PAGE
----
Robots driven by insects won’t surprise you in the future, would they? But it did surprise us all as the researchers from the University of Tokyo have devised an ingenious yet simple system that drives a two-wheeled robot to its destination commanded by the male silkmoth. Yes, a male silkmoth that takes driving seat as it is driven by the sex pheromone of female. The moth is placed on a rolling polystyrene ball and the pheromone scent is directed towards the moth using two fans. This way the male silkmoth keeps running in the direction of scent and subsequently drives the robot. The study included experimenting with 14 silkmoths successfully guiding the robot to its destination.
To challenge moth’s ability to adapt to the situation, researchers made a turning bias by changing the power of robot’s two motors so that it swerved to one side while moving, and the silkmoth successfully adapted the movement to keep on moving towards the source of scent. The whole idea of this exercise is to develop biometric models for autonomous sensory robots that will be used for various applications in the future.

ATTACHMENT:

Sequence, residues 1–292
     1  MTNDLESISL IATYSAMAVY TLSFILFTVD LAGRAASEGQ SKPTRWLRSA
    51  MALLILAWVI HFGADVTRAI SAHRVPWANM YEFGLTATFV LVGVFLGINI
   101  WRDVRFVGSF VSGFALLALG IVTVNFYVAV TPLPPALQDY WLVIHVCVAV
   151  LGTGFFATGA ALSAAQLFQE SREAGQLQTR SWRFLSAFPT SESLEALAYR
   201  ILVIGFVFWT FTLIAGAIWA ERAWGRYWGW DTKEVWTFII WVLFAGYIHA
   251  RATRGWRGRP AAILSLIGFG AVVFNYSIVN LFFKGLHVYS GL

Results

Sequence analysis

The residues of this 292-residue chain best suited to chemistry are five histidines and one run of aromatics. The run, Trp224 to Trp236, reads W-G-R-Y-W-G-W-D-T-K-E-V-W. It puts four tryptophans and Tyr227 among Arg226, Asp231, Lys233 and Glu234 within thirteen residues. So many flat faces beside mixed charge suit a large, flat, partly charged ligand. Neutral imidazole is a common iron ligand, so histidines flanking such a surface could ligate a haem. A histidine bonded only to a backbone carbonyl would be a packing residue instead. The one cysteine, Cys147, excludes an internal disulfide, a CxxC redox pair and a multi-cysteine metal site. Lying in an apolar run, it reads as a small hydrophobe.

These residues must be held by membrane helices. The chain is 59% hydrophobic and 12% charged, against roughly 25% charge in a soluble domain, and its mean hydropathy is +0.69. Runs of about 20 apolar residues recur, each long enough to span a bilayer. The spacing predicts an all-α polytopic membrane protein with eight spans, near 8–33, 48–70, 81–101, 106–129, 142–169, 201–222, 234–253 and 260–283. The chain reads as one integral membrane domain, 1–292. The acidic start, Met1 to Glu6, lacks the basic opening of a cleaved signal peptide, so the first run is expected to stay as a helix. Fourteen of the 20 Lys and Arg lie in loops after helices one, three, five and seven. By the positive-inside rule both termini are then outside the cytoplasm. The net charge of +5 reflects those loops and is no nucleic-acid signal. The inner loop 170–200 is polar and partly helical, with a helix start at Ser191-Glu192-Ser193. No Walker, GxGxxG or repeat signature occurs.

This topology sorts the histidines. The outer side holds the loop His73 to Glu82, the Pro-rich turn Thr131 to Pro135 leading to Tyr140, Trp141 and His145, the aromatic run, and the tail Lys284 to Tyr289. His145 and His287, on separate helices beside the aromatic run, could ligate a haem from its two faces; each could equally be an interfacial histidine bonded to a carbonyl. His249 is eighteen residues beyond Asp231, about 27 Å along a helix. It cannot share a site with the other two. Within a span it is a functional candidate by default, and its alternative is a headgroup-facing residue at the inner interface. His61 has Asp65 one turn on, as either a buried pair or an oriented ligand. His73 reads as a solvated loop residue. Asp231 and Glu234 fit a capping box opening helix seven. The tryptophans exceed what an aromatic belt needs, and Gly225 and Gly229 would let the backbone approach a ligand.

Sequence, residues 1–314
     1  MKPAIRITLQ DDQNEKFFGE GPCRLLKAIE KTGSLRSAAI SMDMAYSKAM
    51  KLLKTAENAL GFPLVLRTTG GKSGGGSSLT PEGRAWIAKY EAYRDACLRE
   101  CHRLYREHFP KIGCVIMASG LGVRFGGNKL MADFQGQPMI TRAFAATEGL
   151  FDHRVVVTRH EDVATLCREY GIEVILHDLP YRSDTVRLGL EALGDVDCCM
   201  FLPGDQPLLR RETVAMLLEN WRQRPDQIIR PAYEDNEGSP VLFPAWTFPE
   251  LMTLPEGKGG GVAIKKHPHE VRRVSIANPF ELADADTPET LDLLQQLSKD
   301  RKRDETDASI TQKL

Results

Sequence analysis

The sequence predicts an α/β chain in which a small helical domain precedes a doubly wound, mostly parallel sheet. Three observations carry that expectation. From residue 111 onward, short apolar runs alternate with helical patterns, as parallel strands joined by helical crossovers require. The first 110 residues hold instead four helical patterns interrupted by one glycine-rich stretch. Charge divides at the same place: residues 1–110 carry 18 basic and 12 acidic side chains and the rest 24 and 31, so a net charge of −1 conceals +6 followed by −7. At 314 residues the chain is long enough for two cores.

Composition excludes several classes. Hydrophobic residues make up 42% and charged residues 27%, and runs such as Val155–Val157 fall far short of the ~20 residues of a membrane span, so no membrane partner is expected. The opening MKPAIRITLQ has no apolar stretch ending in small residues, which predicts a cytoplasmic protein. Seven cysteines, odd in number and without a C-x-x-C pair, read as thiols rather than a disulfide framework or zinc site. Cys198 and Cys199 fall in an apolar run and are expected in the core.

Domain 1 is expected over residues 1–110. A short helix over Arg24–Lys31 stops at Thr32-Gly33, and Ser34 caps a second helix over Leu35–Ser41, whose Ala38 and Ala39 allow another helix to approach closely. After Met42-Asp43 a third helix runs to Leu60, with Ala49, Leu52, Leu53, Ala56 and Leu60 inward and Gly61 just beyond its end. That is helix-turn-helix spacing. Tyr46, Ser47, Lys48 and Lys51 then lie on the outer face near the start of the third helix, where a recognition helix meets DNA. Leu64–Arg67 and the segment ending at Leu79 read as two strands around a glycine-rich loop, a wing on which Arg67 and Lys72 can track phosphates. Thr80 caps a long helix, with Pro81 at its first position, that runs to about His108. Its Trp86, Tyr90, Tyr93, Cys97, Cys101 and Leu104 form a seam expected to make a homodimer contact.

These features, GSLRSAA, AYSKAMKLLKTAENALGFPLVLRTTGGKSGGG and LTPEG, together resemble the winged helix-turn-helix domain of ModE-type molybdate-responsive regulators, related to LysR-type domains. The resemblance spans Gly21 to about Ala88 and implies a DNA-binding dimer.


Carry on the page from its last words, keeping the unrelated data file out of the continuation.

According to Dr Noriyasu Ando, lead author of the research:
The simple and robust odor tracking behavior of the silkmoth allows us to analyze its neural mechanisms from the level of a single neuron to the moth’s overall behavior. By creating an ‘artificial brain’ based on the knowledge of the silkmoth’s individual neurons and tracking behavior, we hope to implement it into a mobile robot that will be equal to the insect-controlled robot developed in this study.
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